Washington (CNN) – A California congresswoman under investigation by the House ethics committee delayed plans Thursday to force a House vote on a measure that would launch an investigation into the committee for its handling of her case.
Rep. Maxine Waters, D-California, has been accused of seeking federal assistance for OneUnited Bank, a minority-owned bank in which her husband held a financial interest. She has vehemently denied any wrongdoing and has repeatedly demanded a conclusion to the almost year-and-a-half-long investigation.
Instead, Waters demanded the committee's leadership "set the record straight on its own accord, in a bipartisan manner, with a joint statement signed by the Chair and Ranking Member." The statement should respect, she said, "the public's and this body's right to know the circumstances of the events that led to the discipline of the two attorneys leading the case against me."
In a speech to colleagues on the House floor, Waters – a 20-year veteran of the House and senior member of the House Financial Services Committee - cited media reports that two of the committee's attorneys leading the case against her were accused of misconduct.
She railed against the secrecy surrounding the committee and noted that no one seems to "know the circumstances surrounding (the attorneys') conduct, nor the disciplinary action taken against them."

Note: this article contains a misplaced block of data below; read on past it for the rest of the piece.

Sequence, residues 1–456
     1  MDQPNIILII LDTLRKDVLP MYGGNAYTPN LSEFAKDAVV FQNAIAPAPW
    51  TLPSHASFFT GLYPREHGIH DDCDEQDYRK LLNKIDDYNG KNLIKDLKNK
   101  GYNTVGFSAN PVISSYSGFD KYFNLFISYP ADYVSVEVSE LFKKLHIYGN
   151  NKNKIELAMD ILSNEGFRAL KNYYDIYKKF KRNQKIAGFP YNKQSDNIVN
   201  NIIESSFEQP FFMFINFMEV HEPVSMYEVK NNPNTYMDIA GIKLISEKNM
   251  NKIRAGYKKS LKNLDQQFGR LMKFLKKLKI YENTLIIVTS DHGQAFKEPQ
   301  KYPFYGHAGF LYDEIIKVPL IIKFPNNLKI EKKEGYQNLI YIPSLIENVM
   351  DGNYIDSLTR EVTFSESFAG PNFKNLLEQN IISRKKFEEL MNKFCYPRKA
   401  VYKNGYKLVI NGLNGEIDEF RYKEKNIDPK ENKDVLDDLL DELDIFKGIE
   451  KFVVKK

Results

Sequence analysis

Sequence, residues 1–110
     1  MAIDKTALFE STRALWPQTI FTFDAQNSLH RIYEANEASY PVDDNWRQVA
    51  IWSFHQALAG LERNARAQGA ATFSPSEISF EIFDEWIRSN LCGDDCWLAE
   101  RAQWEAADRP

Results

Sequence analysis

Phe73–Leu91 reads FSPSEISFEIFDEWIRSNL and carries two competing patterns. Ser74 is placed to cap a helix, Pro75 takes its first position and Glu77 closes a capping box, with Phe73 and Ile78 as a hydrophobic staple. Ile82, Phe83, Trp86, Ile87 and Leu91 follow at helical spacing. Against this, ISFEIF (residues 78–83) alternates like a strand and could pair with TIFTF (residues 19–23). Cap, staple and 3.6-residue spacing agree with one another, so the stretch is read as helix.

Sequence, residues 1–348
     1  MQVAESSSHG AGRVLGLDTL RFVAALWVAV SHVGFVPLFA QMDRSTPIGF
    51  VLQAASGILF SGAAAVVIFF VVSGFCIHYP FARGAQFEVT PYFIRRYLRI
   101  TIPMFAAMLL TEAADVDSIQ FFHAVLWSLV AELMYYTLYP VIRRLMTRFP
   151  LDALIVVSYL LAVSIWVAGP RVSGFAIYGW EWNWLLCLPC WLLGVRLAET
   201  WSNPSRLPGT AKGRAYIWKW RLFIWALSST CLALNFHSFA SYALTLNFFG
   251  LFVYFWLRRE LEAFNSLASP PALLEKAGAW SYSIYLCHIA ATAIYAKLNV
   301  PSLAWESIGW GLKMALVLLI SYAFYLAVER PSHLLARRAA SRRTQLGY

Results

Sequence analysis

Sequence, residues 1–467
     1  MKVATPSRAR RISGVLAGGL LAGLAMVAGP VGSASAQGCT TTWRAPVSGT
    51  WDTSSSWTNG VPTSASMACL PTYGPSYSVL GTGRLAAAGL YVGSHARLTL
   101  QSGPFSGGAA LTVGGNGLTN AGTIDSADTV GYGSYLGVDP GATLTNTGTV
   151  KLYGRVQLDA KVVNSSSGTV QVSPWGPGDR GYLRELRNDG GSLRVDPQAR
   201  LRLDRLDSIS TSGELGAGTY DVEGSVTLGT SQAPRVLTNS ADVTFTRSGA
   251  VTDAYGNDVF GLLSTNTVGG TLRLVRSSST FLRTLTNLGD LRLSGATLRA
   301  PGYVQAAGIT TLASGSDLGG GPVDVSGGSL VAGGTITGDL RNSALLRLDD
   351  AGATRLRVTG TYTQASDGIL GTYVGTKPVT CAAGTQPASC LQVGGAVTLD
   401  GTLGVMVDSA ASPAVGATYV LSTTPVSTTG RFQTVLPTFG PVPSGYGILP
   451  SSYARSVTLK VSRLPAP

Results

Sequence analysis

Waters urged the ethics committee leadership to publicly explain the circumstances surrounding the disciplinary action and noted that, "although the committee is built on secrecy and confidentiality, it should have the ability to be flexible and provide transparency in extraordinary circumstances."
"This is one such extraordinary circumstance when the House as a whole and the public need the committee to review information so we can have confidence in the process," she said.
Waters' hearing before the House Committee on Standards and Official Conduct was scheduled to begin last month, but the committee announced before Thanksgiving that the proceeding had been canceled due to the discovery of e-mail communications that would potentially affect the case. The committee also suspended two staff lawyers working on the case but did not say why.
And it did not indicate whether or when the matter would be revisited.
Waters says she decided not to push for a vote on her "privileged resolution," after conferring with colleagues. Normally such a resolution would need to be voted on within two days of being introduced.
She left open the possibility of calling for a vote if the ethics committee does not act, however. The draft resolution asked the House to create a bipartisan task force to probe "the circumstances and cause of the decision" by the committee to place the staff lawyers on administrative leave. It also requests that the task force report its findings and recommendations to the House by the end of the current Congress.
After her hearing was postponed, Waters said she was denied "basic due process" and the decision not to move forward with her trial as planned "demonstrated in no uncertain terms the weakness of their case against me."